Oct
04
2010

MSNBC Does Not–and Never Can–Play the Same Game as Fox

Gabriel Sherman's New York magazine piece on cable news (10/3/10) has an important insight into the Fox News' success:

Fox's rightward flanking maneuver, capturing a disenfranchised part of the audience, was only part of its strategy. The news, especially political news, wasn't something that happened. It was something that you shaped out of the raw data, brought out of the clay of zhlubby, boring politics, reborn with heroes and villains, triumphs and reverses, never-ending story lines–what TV executives call "flow." And the beauty of it was that the viewers–the voters–were the protagonists, victims of evil Kenyan socialist overlords, or rebels, coming to take the government back. There was none of the on-the-one-hand, on-the-other-hand relativity crossfire that mirrors the journalism-school ideal of objectivity. All the fire went one way. The viewers, on their couches, were flattered as the most important participants, the foot soldiers in Fox's army; some of them even voted.

I sense in New York's account the traditional corporate media assumption that politics is an activity best left to the professionals–that there's something untoward about journalists encouraging citizens to take an active role in their nation's decision-making. That, of course, is exactly what they should be doing. The problem with Fox News is the story that it's telling is naturally a conspiratorial one: The way to present the corporate powers-that-be that Fox speaks for as being on the same side as the middle class is to invent a conspiratorial elite in league with a sinister underclass that is the enemy of both top and middle. Tides Foundation, meet the New Black Panther Party.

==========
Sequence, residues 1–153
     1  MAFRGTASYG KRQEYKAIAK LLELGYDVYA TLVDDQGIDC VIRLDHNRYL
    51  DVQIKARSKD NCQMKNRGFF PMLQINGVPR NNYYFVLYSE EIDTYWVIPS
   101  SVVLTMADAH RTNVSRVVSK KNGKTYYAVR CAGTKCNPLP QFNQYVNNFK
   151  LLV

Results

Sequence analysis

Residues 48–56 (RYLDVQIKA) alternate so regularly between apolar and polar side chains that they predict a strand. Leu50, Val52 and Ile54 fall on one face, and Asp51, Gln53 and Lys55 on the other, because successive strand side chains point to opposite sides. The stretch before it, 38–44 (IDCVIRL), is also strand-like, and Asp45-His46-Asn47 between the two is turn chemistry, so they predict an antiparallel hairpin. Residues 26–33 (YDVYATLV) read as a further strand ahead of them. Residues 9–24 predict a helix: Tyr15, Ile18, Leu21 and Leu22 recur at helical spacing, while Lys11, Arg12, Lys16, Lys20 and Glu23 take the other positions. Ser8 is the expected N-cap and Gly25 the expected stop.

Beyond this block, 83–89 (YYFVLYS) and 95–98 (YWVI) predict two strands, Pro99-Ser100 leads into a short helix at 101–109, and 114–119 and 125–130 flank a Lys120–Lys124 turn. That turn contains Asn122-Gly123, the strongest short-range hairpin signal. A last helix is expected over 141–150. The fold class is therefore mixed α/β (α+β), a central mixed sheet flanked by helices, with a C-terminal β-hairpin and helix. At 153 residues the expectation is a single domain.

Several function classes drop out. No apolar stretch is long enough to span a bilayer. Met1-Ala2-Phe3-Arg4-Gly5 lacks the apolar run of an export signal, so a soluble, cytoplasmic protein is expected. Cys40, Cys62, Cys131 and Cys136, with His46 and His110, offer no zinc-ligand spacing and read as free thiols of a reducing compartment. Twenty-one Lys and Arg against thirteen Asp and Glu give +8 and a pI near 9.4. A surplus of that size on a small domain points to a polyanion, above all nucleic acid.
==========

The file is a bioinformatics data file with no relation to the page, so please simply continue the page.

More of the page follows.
The New York article presents MSNBC as having grasped the essence of Fox's model of journalism, while CNN hasn't gotten it yet. "Fox figured it out that you have to stand for something in cable," the piece quotes MSNBC president Phil Griffin. But, really, MSNBC doesn't get it either. If it's all about "targeting an audience" and "brand is everything," as various NBC brass say, then why does MSNBC start its day with Morning Joe, hosted by moderate conservative (and former Republican congressmember) Joe Scarborough? Fox puts Fox & Friends in that timeslot to launch the stories that will dominate the channel's "straight news" and "opinion" shows all day long.

MSNBC doesn't do that, ultimately, because its owner General Electric doesn't want it to do that–because the natural storyline for a progressive media outlet is corporate power vs. the rest of us, and in that narrative GE is a major villain. GE would much rather be telling the story that Fox is telling–"We have to be more conservative then they are," NBC CEO Robert Wright told NBC News chief Neal Shapiro after September 11, New York reports. In fact, MSNBC tried to outflank Fox on the right long before 9/11–and didn't give up on the idea until it had repeatedly failed. Eventually the cable channel realized that Fox had dibs on the right-wing sector of the audience–but GE's corporate interests prevent it from really going after the progressive slice of the pie.

About Jim Naureckas

Extra! Magazine Editor Since 1990, Jim Naureckas has been the editor of Extra!, FAIR's monthly journal of media criticism. He is the co-author of The Way Things Aren't: Rush Limbaugh's Reign of Error, and co-editor of The FAIR Reader: An Extra! Review of Press and Politics in the '90s. He is also the co-manager of FAIR's website. He has worked as an investigative reporter for the newspaper In These Times, where he covered the Iran-Contra scandal, and was managing editor of the Washington Report on the Hemisphere, a newsletter on Latin America. Jim was born in Libertyville, Illinois, in 1964, and graduated from Stanford University in 1985 with a bachelor's degree in political science. Since 1997 he has been married to Janine Jackson, FAIR's program director. You can follow Jim on Twitter at @JNaureckas.